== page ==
“9. I have no reason to believe that either of my former clients, Moiselle, or Hochman intended to obstruct the document production proceeding. While our office may have been negligent in supervising the delivery of documents, it is my belief that my [former] clients['] failure to properly produce the same was not intentional, not meant to obstruct justice or conceal evidence․”
This declaration, however, directly contradicted counsel's prior remarks to the trial court wherein he stated “we have never encouraged [defendants] not to produce documents[,] but to the contrary. And they come in and they say, ‘Oh, we just found this, [counsel],’ and I say, ‘For God's sake, we're getting a black eye before the Court. I'm begging you guys, just give these documents up,’ and there's no reason that they wouldn't. I swear to you. It can't possibly help them. In fact, it's killing them right now.”
As in Todd and Johnson, the trial court denied the section 473 motion because it determined that MDH was implicated in the discovery misconduct. The trial court stated in its ruling: “[B]ased upon what I know of this case and statements by [defense counsel], that the refusal or problems with discovery in this case are not merely attributable to counsel but also are directly attributable to conduct of clients, the defendants in this case [.]” At the terminating sanctions hearing, the trial court further stated: “[T]he Court is reluctant to punish clients for any wrongdoing by counsel. But in a prior hearing, [defense counsel], on the record, indicated that the problem with complying with discovery was based upon acts or beliefs that-of his clients, that the clients-so the Court has made a specific finding that the violations of the discovery orders and rules flow directly to the clients themselves and not necessarily attributable to counsel.”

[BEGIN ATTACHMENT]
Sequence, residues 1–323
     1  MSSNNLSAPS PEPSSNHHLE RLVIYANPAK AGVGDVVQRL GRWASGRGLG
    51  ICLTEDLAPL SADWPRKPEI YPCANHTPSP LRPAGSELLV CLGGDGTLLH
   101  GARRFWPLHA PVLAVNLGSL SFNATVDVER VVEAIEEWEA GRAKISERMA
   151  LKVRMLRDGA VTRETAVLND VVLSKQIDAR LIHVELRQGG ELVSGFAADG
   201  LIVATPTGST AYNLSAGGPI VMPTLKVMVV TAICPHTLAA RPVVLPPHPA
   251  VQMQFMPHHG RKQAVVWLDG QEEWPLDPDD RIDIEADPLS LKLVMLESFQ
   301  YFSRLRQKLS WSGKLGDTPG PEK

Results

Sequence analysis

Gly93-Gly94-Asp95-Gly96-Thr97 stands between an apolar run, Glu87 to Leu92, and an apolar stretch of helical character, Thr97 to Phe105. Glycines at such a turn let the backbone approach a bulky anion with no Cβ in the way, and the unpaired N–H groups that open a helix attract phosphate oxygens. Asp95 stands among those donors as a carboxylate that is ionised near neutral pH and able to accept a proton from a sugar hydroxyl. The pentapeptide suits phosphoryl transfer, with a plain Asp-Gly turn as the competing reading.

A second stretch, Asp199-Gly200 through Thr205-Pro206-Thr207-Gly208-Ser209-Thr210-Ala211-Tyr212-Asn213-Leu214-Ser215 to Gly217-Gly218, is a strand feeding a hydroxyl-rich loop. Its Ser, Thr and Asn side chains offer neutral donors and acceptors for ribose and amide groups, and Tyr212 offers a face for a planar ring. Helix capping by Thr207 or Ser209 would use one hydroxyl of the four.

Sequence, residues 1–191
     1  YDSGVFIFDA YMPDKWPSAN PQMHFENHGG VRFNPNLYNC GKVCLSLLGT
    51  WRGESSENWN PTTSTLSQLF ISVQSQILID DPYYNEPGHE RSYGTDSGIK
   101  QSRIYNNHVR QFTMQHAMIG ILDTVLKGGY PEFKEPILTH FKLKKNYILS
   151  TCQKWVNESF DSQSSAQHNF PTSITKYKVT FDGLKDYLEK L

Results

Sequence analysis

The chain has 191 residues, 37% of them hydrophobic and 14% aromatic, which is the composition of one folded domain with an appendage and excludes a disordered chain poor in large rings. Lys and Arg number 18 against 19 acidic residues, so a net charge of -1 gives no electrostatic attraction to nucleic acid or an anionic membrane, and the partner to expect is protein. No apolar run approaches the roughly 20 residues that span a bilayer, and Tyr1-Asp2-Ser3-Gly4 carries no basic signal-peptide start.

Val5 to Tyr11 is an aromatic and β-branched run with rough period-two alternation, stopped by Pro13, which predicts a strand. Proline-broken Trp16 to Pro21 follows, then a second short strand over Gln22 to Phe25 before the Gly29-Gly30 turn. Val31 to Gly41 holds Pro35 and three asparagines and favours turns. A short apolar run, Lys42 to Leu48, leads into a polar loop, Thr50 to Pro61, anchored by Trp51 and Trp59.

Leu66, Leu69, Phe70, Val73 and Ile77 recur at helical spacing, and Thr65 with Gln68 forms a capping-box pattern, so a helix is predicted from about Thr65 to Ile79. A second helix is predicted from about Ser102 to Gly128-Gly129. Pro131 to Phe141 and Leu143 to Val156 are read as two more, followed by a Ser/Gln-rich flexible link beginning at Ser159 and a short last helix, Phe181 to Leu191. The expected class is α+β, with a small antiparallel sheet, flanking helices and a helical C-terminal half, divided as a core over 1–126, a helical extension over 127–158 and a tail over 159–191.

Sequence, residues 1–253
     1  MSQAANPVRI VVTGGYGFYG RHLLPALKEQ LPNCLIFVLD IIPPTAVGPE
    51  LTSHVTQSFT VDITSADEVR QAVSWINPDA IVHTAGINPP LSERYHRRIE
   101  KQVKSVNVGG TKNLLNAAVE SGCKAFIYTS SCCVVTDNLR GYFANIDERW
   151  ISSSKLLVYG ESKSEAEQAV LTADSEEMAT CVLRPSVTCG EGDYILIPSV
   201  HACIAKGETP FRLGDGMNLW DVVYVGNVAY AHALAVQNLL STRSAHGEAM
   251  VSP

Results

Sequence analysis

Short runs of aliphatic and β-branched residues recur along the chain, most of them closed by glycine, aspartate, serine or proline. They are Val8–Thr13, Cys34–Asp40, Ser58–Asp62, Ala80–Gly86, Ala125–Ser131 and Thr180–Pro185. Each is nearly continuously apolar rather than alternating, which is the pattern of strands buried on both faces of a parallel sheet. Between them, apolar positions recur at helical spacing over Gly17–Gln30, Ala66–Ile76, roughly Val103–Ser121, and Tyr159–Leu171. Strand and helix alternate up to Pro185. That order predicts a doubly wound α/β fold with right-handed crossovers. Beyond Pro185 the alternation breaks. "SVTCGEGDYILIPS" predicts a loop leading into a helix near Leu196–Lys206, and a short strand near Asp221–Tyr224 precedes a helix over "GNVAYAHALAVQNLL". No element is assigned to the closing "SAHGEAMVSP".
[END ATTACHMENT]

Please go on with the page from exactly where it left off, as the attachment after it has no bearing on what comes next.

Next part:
As we have stated, mandatory relief can be granted only where the facts show solely attorney error. That is because section 473, subdivision (b) protects only the innocent client. It provides no relief for the culpable client who participates in conduct which led to the default or dismissal. When deciding whether to grant relief, the court must resolve the issue whether attorney actions, or the misconduct of the parties themselves, actually caused the default or dismissal. If attorney actions did not solely cause the terminating sanctions and the subsequent default judgment in this case, the parties cannot rely on the mandatory relief provision of section 473.
In this appeal, the trial court determined that shared misconduct caused the default judgment and subsequent dismissal. Based on the remarks by MDH's prior counsel to the trial court, we find substantial evidence for the trial court's determination.
The judgment is affirmed. MDH to pay Lang costs on appeal.
KLEIN, P.J., and ALDRICH, J., concur.
1. Unless otherwise indicated, all statutory references are to the Code of Civil Procedure.
2. MDH also contended that the trial court erred in denying relief under the discretionary provisions of section 473. The record reflects that the trial court did not believe MDH's excuses for failing to respond to discovery requests or court orders. It found MDH's conduct to be willful. Considering the trial court's position, MDH could not meet the requirements for discretionary relief.
FOOTNOTE. See footnote *, ante.